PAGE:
Anne Morrissy Merick had a career that spanned more than 40 years as a pioneering journalist. She was the first women permitted to cover the Vietnam War and the first female television news producer.

On May 2 at age 83 in Maples, Florida Merrick passed away from complications relating to dementia. She will be remembered by female journalists around the world for persuading the Pentagon to allow women the right to cover combat areas during the Vietnam War.

Merick's dedication to journalism

While the Vietnam War was a disaster, Merick's dedication and use of long-term journalistic resources she used covering the harsh realities associated with that war will be remembered by her fellow female correspondents as a huge triumph.

In an ironic twist that war turned out to be the greatest event for 467 female journalists – out of which 267 were Americans.

Her college years

Merick was a student at Cornell University in the 1950's and studies sports journalism and later went on to become the first women sports editor despite struggling with sexism. She was also the first woman given the right to sit in the press box at some of the most prestigious universities.

War Torn: Stories of War From the Women Reporters Who Covered Vietnam, written by Merick, where she writes that she went after the Vietnam assignment to surprise the male journalists.

Most significant story of the century

In 2000 she appeared on a panel where she told the audience that she wanted to cover, what she considered, the most significant story of the century.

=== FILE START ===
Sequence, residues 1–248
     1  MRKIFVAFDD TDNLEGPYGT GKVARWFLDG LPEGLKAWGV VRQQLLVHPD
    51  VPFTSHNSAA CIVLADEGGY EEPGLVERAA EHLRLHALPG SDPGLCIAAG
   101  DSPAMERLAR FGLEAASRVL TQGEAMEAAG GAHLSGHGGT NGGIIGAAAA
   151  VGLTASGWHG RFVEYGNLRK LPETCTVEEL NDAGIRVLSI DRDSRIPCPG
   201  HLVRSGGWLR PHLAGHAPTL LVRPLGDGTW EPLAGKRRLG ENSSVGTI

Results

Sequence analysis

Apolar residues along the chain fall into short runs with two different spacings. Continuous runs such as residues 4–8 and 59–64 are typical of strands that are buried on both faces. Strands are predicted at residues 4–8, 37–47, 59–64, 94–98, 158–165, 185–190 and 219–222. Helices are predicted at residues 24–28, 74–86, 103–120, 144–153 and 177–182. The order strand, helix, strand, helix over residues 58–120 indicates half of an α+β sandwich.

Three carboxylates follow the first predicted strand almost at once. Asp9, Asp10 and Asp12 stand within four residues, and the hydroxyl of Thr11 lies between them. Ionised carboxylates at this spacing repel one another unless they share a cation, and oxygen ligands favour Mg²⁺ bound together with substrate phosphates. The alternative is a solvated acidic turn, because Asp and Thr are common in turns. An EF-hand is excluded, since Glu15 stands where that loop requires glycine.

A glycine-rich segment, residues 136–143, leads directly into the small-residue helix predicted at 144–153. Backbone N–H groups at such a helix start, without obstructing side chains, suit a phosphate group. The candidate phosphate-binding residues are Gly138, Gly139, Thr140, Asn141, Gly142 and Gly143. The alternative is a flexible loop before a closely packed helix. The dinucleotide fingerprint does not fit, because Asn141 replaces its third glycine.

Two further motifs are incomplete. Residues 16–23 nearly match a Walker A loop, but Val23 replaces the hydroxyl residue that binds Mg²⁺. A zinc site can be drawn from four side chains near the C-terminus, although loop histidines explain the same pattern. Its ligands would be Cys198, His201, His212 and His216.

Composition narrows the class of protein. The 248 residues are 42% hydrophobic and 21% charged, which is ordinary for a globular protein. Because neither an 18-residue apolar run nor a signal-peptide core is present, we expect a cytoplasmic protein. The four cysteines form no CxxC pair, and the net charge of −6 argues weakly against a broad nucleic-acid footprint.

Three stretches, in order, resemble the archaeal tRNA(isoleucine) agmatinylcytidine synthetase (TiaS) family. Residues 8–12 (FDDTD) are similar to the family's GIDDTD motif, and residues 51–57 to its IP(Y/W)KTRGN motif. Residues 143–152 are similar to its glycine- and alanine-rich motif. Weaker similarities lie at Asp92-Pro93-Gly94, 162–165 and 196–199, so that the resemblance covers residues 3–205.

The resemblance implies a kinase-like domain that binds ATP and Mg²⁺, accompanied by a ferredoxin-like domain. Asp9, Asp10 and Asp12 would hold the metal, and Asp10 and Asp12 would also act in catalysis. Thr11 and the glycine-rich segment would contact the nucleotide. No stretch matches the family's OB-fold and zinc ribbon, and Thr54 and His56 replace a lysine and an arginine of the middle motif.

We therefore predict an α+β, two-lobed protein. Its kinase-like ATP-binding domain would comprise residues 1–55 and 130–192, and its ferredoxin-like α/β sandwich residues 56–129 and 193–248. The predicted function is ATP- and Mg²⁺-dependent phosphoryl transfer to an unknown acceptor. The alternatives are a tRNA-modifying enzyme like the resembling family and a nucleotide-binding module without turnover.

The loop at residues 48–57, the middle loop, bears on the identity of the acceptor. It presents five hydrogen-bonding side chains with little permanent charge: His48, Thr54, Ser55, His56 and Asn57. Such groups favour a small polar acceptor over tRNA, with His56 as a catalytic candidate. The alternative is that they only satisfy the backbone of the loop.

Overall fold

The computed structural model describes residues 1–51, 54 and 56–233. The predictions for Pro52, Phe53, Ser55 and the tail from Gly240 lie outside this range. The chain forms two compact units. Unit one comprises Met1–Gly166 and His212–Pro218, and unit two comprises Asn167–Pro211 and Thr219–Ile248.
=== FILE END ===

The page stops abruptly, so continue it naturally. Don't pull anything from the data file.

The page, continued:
Merick then went on to explained that women didn't get many assignments back then, so if you wanted to get ahead, you covered a story like Vietnam.

Seven years before she was sent to Vietnam, Merick was working for ABC and covering issues like the Kennedy years, civil rights, and the beginning of the space program. But that didn't make it any easier for her to convince her bosses that she needed and wanted to report on what was happening in Vietnam.

She lobbied the Pentagon

It took a lot of work before Merick would get to go to war. She and her colleagues lobbied the Pentagon and Secretary of Defense Robert McNamara and finally won. The ban was lifted and female journalists were allowed to report freely.

While there, Merick decided to focus her work on the non-combatants.

She felt those were the stories her readers deserved to see. She wanted to give the people back home a better understanding of the conflict. Merick later went on the say that she felt she was doing an important job, covering stories the guys didn't want to cover – the soft stories.

R.I.P. Anne Morrissy Merick and we thank you for all your hard work and determination.